A future strategy necessarily involves some risk. Good governance includes the board clarifying how much risk the association is willing to take to enable progress. Fear is normal, but progress necessitates the courage to take action in spite of it. Embrace fear and manage risk. The risk profile provides a benchmark for future decision making, making it easier to do what’s needed. Embracing fear helps overcome limiting beliefs – for example, that things must always be done in a ‘certain way’, that innovation is ‘too hard’ or that resources are ‘too few’. The board and CEO must overcome the association’s limiting beliefs so the staff can follow suit. The future requires a confident, progressive mindset and the courage of convictions to pursue positive change within the parameters of an appropriate risk profile.
- Let Go of Control to Engage Members (External Strategy)
The future cannot be controlled, it can only be embraced. Similarly, the future cannot be held back, it can only be accelerated. So let go of trying to be in control, trying to know all the answers and trying to avoid mistakes. Embrace an openness to enable, care and help members and the market. Try new approaches, be willing to fail and embrace new learnings. The old top down, control and command model has been replaced by an engaged, collaborative approach to engage members. Once an association sets its agenda for the future, it necessarily means it must try new things and move outside of its comfort zone. Letting go of trying to control outcomes releases associations to focus simply on making the right choices, doing what’s needed and what’s good – and accepting where this may lead. It is the integrity of decisions aligned seamlessly to mission and vision that sparks future engagement, trust and confidence in members and markets.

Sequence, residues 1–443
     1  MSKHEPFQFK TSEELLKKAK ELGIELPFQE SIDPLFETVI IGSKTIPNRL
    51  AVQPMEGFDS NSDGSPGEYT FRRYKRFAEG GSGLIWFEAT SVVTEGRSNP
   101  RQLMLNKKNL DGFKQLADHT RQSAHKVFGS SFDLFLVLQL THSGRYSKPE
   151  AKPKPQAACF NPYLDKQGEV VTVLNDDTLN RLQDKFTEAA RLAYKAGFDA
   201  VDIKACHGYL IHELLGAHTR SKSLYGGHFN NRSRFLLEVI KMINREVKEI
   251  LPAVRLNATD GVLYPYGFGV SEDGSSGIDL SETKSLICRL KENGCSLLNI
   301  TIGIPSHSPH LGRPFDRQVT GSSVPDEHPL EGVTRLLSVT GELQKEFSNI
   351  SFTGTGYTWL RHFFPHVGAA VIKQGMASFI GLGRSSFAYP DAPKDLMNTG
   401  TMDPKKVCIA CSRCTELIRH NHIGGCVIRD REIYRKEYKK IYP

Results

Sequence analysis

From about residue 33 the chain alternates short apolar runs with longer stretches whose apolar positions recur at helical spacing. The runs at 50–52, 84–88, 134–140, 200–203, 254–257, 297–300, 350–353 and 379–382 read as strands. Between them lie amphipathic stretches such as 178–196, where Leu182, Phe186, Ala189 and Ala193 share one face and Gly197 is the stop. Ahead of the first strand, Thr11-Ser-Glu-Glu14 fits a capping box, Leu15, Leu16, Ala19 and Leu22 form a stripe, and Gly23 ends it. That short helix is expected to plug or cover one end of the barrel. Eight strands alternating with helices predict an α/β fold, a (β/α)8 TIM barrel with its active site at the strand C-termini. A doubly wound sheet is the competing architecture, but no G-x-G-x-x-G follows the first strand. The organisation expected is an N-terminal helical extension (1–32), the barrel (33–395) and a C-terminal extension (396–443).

- Socialise Change and Learning (Internal Alignment)
Empower your employees to align their thinking and actions with the future, by socialising the benefits of change and learning. Many may be fearful to try new things. They will take your lead when you encourage initiative and innovation, and normalise change as an inherent part of the journey into the future. Once they trust that they won’t be punished for trying new things, they will be less fearful of change. This confidence opens up so many opportunities because once employees feel comfortable igniting change, the possibilities are endless. It is always people, not associations who create change. Encourage them to learn, and strive for more.
- What You Think About Expands (Future Focus)
The more you think about the future, the stronger it gets. The more your decision making is focused on future outcomes, the better it gets. It becomes easier to see the long-term causality of decisions when you purposefully look for them. Each future focused decision reinforces the next, improving the efficacy of the process through time. The implicit messages of not focusing on the future is that tomorrow will always be the same as today, that member expectations won’t change and that the association will live on forever. All are dangerous assumptions. Becoming a futurist may sound difficult, but becoming more future focused with each and every subsequent decision is really quite simple. The future is unwritten and your journey there is a process.
You don’t need a DeLorean time machine to see the future. You only need to be aware that you are writing your association’s own future with every decision you make in the present. A slight shift of emphasis can make all the difference.
Just hold onto the steering wheel.